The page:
The report shines light on a national problem. The Justice Department said there are 250,000 working-age people in the U.S. who are estimated to be needlessly living in nursing homes, Matt Apuzzo reports for The New York Times. "There are more than 1.7 million nursing beds in the U.S, and many Americans require round-the-clock care and the protection of a nursing home. But for untold numbers of others—with mental illnesses, developmental disabilities or chronic diseases—the confines of a nursing home can be unnecessarily isolating. Yet when patients seek help paying for long-term care, states often steer them toward nursing homes, even though it may not be needed."
The Justice Department said some of the people "could live at home, hold jobs and lead productive lives," Apuzzo writes. "Instead, they are confined and segregated from society. Many cannot leave the grounds of their institutions without supervision or perform tasks such as shopping for groceries or cooking meals. One resident told investigators that when friends visited to take him for a car ride, 'they have to sign me out, like a kid.'”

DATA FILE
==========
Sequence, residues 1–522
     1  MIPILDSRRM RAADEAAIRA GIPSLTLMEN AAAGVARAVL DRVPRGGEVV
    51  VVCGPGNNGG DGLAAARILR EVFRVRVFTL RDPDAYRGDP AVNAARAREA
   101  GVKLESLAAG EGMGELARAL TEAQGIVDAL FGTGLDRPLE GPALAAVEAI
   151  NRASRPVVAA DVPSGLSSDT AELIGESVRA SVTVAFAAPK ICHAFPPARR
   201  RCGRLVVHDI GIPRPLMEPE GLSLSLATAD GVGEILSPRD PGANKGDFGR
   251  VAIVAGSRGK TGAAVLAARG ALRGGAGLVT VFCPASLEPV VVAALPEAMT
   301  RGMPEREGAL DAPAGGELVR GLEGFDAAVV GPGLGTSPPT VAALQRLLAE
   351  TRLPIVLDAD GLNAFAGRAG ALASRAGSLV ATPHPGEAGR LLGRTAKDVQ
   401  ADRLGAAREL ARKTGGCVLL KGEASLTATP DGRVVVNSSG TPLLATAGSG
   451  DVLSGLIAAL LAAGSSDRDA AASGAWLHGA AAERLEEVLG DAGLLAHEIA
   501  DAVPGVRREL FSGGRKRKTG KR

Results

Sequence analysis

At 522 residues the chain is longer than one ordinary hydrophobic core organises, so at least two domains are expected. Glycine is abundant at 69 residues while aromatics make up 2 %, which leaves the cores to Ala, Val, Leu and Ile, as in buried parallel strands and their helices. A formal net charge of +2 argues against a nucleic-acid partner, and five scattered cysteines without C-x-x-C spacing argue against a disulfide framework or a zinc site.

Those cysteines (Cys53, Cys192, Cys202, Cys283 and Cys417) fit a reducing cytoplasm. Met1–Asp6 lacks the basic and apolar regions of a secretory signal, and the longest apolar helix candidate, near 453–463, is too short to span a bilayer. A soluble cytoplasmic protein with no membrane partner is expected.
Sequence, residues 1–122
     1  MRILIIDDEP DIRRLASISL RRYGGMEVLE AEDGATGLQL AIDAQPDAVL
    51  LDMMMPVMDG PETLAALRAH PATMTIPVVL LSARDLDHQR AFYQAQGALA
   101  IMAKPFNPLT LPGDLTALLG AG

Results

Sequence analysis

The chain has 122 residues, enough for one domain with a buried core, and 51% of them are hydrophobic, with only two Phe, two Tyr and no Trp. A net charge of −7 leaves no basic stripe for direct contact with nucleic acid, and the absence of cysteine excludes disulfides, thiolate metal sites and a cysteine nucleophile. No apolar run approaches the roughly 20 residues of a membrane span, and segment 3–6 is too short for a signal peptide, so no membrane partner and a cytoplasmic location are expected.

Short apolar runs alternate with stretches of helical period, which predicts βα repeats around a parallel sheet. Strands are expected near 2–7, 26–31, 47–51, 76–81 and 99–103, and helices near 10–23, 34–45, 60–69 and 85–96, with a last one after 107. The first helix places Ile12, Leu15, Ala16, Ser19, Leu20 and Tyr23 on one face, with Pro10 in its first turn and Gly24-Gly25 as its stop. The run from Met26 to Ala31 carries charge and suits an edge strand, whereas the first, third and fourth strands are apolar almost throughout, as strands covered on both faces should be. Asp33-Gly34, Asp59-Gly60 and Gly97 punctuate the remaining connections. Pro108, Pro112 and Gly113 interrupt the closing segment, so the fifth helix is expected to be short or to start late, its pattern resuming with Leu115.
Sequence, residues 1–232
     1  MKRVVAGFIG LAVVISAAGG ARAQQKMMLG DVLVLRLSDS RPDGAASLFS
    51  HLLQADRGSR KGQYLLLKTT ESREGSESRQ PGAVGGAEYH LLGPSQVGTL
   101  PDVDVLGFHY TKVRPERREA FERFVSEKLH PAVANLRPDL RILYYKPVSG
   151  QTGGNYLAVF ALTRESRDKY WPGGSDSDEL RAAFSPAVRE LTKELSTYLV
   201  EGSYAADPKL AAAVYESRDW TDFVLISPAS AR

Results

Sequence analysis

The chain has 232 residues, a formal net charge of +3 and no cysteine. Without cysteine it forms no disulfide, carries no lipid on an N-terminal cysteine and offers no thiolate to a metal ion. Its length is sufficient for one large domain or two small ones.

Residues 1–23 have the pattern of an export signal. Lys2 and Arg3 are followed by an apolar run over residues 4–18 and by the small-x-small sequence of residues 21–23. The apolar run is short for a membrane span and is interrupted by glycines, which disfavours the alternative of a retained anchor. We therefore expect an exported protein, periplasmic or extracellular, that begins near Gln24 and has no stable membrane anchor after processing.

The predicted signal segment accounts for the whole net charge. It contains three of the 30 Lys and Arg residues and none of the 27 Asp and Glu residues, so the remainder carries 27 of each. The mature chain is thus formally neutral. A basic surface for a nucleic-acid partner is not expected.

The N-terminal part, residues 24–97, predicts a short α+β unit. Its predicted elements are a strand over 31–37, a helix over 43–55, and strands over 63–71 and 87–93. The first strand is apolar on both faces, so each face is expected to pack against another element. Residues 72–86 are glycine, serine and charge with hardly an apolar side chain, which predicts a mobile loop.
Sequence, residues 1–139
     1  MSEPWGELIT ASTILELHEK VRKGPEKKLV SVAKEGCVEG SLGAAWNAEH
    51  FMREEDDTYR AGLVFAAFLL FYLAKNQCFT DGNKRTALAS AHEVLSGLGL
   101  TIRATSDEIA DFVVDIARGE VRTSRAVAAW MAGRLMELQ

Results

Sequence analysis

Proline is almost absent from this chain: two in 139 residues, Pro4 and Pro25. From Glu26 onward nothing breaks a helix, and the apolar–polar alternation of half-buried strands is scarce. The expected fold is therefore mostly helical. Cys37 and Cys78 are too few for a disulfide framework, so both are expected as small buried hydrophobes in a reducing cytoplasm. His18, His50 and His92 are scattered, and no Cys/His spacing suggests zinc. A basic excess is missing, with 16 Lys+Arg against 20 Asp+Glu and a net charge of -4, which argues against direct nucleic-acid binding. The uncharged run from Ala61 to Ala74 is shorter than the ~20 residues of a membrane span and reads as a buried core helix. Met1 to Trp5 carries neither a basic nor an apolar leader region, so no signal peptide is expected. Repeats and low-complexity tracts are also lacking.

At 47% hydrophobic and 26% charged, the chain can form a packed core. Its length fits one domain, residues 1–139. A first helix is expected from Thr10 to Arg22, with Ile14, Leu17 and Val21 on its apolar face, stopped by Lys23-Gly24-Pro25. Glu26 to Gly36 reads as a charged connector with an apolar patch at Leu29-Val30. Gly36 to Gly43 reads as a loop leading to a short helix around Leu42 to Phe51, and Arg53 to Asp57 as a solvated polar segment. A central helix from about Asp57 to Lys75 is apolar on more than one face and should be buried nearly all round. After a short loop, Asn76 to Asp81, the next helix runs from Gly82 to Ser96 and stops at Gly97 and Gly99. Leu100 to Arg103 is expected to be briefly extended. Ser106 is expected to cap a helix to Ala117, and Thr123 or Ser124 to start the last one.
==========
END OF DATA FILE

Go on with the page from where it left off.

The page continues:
South Dakota—which has one of the highest nursing facility utilization rates in the country—"funds the placement of about 3,400 people in nursing facilities through Medicaid at any given time, and approximately 5,500 people over the course of one year," says the report. "People with similar needs to those living in South Dakota’s nursing facilities successfully receive services at home in other states, and even in South Dakota. The state already offers many of the services people will need to live in their own homes and can increase community capacity and address service limitations to ensure all individuals can choose these services instead of nursing facility placement." The report also found that "people with disabilities living in rural and frontier areas of the state, including those living on reservations, have particular difficulty accessing services in their homes and communities."